An article came out a while back (I don’t remember specifically who wrote it or how/where it was published) suggesting that parents not do things for their children once their children are old enough to do it themselves. When I read the article, I took it as meaning that children should be able to complete some daily tasks themselves. Being responsible for chores and tasks can promote independence and teach valuable life skills. It can also reduce parental stress by putting some small responsibilities (e.g. making lunch, folding laundry, picking out clothes) on your kiddo.

I didn’t think much more about it until I saw a response article… basically, the author who responded felt “called out” because she still brushed her daughter’s hair, even though the daughter was old enough to do it herself. This article suggested that parents continue doing things for the child, even when they’re capable of doing it.

So who is right and who is wrong?! Neither?  Both?  I think both.  I think it’s all about finding a balance that works for you and your family.  The rough thing about parenting advice is that what works for one child/family may not work for another.  When my husband and I were preparing for the arrival of our daughter, everyone we talked to said babies love to be swaddled.  So we bought a ton of swaddle sleep sacks.  Guess what?  Our little girl HATED them.  She was so angry, from day 1, if her arms weren’t free!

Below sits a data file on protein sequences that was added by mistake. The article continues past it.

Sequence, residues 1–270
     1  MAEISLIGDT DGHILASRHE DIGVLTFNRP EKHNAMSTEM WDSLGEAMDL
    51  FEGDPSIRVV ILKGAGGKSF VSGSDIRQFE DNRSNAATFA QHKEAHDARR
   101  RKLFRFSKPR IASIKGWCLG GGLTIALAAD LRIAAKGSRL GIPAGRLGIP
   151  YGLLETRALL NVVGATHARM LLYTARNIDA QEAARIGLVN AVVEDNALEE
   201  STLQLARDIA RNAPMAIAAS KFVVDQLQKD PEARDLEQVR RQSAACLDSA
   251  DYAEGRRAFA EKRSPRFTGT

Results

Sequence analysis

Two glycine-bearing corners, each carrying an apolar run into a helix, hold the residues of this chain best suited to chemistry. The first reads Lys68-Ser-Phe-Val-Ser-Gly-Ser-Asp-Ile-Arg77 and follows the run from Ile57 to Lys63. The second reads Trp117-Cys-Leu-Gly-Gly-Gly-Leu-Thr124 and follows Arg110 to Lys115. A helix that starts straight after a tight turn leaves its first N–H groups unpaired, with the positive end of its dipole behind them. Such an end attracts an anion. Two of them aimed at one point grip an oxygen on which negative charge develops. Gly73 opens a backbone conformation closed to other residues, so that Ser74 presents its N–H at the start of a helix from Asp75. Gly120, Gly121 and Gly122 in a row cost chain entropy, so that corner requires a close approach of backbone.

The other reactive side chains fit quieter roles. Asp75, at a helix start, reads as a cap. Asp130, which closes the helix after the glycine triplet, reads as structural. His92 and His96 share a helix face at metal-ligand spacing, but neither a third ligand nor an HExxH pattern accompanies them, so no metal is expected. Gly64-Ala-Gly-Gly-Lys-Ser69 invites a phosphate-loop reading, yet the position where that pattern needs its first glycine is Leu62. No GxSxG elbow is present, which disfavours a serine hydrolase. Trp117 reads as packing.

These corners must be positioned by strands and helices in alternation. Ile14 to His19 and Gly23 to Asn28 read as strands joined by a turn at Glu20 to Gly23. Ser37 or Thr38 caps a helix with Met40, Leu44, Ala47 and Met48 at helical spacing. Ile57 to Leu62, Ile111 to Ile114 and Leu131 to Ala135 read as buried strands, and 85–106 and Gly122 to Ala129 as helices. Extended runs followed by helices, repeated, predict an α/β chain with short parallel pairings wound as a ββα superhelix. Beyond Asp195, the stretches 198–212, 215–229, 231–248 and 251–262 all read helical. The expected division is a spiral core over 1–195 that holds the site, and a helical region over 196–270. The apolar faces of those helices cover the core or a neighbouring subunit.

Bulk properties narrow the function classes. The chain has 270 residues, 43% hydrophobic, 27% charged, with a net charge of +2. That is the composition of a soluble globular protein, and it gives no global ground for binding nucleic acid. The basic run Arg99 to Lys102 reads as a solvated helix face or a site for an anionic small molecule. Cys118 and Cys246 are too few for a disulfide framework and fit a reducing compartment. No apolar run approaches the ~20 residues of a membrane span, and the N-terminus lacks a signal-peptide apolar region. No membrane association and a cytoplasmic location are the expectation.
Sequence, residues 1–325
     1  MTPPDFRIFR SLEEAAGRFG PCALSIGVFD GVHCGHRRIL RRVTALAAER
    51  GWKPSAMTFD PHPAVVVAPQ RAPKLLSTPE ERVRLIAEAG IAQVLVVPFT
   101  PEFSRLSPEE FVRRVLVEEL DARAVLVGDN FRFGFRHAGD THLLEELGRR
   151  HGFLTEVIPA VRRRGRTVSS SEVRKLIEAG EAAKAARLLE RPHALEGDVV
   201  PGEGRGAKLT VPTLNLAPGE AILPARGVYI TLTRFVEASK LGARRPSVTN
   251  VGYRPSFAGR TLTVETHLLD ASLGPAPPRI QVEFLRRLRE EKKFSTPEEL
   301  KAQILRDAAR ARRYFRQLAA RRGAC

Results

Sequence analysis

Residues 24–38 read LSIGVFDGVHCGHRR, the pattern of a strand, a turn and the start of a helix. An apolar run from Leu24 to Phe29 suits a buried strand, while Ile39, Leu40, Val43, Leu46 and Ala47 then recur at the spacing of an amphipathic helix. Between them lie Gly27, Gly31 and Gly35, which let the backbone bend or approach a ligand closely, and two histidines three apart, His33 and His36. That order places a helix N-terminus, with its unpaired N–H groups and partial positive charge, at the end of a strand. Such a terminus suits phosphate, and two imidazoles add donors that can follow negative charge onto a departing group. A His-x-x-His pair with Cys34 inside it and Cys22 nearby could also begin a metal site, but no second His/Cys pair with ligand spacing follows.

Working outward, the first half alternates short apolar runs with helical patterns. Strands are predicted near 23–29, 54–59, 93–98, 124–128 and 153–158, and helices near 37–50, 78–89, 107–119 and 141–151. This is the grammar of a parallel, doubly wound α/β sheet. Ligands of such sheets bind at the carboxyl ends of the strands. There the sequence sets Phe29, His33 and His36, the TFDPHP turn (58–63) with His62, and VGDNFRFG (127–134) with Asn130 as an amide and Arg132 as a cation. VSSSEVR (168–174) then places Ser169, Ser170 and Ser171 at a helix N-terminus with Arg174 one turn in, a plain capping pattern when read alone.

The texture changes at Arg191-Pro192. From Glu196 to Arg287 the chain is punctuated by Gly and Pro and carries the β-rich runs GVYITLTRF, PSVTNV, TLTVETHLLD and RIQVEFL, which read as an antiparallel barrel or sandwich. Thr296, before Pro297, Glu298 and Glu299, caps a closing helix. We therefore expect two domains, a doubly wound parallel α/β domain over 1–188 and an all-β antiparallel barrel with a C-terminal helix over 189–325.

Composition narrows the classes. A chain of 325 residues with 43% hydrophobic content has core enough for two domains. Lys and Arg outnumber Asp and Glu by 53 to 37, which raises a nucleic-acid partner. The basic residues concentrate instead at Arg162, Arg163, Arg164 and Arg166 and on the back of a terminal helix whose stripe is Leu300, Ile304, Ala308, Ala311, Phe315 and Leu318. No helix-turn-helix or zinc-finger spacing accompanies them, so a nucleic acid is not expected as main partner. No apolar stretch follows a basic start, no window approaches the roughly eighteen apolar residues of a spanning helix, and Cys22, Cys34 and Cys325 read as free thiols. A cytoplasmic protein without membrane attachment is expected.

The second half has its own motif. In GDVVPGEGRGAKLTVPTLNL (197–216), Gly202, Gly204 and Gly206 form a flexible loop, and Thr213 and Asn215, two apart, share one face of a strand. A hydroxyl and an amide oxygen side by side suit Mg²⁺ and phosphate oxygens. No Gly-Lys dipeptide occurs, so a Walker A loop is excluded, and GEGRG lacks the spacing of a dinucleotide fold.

What I got from these articles is that you want to teach your child new skills and give them some responsibility by having them complete some tasks, but that doesn’t mean you cannot do ANYTHING for them.  Acts of Services is one of The Five Love Languages.  My husband and I do things for each other all the time as an act of love.  I’m a grown woman and my mother still does nice things for me sometimes, even though I’m capable of doing them.  It’s absolutely Ok to do some things for your child as an act of love!  Again, it’s about finding balance.

The mom who wrote the response article gave me the impression that brushing her daughter’s hair is a bonding moment for the two of them.  I wouldn’t want to let that go either!  If I were that mama, I’d probably want to continue that tradition for as long as my kiddo would let me.  But on the other hand, parents who do every. single. thing. for their children might regret it later when their child grows up and cannot do anything for themselves (think college student who can only cook Easy Mac…).

As my daughter grows older, I want to teach her how to do things around the house and I want to teach her to bake and cook.  I want her to be able to bathe herself and paint her own nails and brush her hair and maybe even braid her hair.  But that doesn’t mean I’m going to expect her to always do everything for herself once she knows how.  I want her to be able to and I want her to have some responsibilities, but I’m her mom and I also will want to do nice things for her.